Parents’ stress increased in lockdowns, study finds
By Caitlin Doherty
Lockdowns increased stress issues in parents and carers, a new study suggests.
Parents reported elevated levels of stress in the spring, which then reduced in the summer, before peaking again in November and December, according to the data from the University of Oxford.
In total, more than 6,000 parents were questioned for the survey, which asked them about various concerns to do with their own lives and their children’s wellbeing between April and December 2020.
Overall, 49.2% of parents or carers questioned were worried about their children’s wellbeing, and 45.5% were concerned about their child’s education in April.
These figures rose to 51.5% and 49.7% respectively by June.
Problems with behaviour also increased over this period, with 35.3% of parents worried about it in April, up to 35.8% in June.
These markers all dropped in the summer months, with only 37.9% of parents worried about their child’s wellbeing in August, and 32.9% worried about education.
However, they began to climb again towards the winter when more lockdown measures were introduced, with up to 39.1% worried about wellbeing, and 24.7% worried about behaviour, up from a low of 23.3% in September.
Schools stayed open during the November shutdown, and concerns about education were lower at this time than in the spring, with 29.9% of parents reporting worries in November, and 27.3% in December.
Higher levels of stress were detected particularly in low-income families, as well as single-parent households and those with children with special educational needs.
Almost two thirds of parents (64.5%) in households with an income of less than £16,000 a year were worried about their children’s wellbeing in April, compared with fewer than half (48.1%) in households earning more than that amount.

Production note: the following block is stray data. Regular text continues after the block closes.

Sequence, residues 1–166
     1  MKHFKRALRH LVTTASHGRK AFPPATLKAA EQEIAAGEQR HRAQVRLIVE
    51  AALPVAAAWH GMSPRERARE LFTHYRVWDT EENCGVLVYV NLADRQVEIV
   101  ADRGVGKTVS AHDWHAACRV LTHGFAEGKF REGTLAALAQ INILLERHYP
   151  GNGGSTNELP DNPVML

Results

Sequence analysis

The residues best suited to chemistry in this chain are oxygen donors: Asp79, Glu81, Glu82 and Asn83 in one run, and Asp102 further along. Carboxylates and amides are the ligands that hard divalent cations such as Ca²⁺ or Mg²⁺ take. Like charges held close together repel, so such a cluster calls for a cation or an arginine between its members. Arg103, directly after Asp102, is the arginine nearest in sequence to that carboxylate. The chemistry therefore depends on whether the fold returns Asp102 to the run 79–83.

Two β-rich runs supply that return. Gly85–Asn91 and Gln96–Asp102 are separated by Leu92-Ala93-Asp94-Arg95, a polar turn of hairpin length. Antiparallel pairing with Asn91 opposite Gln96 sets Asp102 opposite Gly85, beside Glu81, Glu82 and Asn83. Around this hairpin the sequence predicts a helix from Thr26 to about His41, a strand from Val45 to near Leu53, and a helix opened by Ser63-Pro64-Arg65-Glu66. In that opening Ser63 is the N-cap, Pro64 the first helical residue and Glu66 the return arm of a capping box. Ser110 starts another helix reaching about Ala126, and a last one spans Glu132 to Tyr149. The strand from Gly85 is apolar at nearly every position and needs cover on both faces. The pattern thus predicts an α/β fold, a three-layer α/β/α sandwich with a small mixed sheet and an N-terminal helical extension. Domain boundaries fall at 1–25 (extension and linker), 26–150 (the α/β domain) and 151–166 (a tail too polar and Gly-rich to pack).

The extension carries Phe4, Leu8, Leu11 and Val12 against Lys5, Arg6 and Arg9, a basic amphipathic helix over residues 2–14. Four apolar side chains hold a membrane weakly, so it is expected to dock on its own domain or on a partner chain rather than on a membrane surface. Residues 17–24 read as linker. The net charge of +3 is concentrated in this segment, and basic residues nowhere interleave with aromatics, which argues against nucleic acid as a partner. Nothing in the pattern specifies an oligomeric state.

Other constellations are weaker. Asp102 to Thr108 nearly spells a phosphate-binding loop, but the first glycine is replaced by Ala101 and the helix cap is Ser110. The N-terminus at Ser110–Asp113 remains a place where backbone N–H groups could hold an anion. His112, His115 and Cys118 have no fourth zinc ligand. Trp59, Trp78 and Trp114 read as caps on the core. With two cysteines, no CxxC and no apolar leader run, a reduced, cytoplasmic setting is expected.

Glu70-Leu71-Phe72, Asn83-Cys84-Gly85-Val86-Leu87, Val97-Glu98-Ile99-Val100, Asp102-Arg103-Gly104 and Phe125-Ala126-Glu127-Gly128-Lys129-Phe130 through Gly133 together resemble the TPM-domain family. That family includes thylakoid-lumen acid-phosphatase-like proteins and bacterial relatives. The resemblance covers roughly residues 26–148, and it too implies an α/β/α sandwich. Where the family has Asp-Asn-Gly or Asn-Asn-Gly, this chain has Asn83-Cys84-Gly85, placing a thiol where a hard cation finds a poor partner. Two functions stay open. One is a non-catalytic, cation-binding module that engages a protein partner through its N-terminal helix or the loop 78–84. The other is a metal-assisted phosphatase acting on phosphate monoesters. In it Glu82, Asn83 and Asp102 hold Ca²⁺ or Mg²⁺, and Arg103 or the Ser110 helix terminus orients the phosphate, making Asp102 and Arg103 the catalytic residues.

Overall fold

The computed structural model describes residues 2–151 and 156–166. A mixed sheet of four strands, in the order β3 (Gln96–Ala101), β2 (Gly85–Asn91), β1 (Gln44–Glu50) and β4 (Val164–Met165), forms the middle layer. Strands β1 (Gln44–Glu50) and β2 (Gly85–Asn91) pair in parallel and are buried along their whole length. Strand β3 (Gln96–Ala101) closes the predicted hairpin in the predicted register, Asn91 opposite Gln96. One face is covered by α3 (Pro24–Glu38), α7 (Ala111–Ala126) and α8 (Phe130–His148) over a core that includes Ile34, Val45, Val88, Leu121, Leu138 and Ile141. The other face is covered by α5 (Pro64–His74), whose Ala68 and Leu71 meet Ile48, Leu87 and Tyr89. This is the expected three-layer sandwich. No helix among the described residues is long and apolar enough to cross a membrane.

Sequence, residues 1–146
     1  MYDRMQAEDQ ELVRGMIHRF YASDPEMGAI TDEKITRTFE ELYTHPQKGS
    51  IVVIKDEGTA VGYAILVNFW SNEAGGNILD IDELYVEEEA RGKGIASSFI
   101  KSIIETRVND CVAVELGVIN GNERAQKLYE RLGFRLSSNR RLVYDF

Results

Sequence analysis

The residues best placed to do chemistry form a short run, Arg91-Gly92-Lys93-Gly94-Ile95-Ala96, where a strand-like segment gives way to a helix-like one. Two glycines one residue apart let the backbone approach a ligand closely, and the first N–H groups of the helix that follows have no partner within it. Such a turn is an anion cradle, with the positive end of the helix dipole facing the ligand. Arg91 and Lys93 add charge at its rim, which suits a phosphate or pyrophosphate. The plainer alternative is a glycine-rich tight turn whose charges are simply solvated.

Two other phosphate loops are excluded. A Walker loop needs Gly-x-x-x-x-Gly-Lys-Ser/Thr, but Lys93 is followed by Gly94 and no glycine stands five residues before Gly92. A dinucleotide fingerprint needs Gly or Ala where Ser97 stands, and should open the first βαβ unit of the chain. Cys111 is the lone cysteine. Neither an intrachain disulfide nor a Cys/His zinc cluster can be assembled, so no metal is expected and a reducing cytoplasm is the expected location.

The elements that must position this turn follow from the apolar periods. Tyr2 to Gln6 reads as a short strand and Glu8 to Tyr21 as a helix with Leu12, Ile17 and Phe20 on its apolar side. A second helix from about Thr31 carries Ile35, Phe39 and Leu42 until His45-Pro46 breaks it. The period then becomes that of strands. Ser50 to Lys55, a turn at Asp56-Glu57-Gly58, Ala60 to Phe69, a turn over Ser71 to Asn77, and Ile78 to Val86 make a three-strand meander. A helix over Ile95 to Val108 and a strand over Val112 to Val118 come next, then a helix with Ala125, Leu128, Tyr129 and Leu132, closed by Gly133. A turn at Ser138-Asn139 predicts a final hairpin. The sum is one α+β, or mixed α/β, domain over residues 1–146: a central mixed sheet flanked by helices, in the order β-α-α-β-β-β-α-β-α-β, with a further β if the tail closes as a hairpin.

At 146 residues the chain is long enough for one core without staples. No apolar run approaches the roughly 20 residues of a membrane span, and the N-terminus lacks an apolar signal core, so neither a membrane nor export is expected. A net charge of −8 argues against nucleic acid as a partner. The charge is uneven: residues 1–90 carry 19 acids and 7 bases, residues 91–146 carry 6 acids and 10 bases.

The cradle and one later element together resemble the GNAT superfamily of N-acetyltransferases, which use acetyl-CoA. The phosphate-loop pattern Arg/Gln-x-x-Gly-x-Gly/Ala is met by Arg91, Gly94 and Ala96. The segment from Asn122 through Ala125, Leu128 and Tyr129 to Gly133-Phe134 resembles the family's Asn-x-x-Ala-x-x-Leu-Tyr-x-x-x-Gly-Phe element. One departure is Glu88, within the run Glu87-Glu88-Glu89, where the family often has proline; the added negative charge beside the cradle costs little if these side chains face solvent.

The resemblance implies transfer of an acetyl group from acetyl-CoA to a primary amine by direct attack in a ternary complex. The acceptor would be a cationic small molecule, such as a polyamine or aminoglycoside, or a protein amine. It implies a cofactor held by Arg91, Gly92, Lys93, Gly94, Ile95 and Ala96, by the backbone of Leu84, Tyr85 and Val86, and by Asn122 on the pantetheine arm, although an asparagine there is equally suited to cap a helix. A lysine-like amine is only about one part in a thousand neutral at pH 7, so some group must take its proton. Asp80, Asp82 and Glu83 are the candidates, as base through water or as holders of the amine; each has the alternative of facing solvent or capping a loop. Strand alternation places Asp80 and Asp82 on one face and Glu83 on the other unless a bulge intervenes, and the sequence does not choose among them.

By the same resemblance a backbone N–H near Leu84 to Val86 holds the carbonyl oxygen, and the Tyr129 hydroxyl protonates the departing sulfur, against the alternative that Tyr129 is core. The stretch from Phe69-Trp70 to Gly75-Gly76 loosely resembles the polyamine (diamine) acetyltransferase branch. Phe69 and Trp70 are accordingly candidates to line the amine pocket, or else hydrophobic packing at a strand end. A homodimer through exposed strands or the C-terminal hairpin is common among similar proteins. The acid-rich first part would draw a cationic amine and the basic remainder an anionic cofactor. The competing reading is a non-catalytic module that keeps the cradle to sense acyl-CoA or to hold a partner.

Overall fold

Low-income households were also more concerned about their child’s education, with 53.9% worried in April, dropping to 47.6% in August.
These compared with rates of 44.7% and 31.4% respectively in higher income households.
Cathy Creswell, professor of clinical developmental psychology at the University of Oxford and co-lead of the study, said: “Our data highlight the particular strains felt by parents during lockdown when many feel that they have been spread too thin by the demands of meeting their children’s needs during the pandemic, along with home-schooling and work commitments.”
The scientists also raised concerns about the disparities between low-income households and others.
Prof Creswell added: “We are particularly concerned about the level of strain felt by parents in low-income families, those in single parent families, and those supporting children with special educational needs.”
John Jolly, chief executive of Parentkind agreed and called on policymakers to listen to parents on issues that affect them and their children.
Mr Jolly said: “The negative mental health consequences of lockdown are revealed to be most acute among single parents, parents of children with Send (special educational needs and disability) and those on low incomes.
“Policymakers must give urgent consideration into how additional support for families most in need can be provided, before the disadvantage gap grows wide enough to create a lost generation.”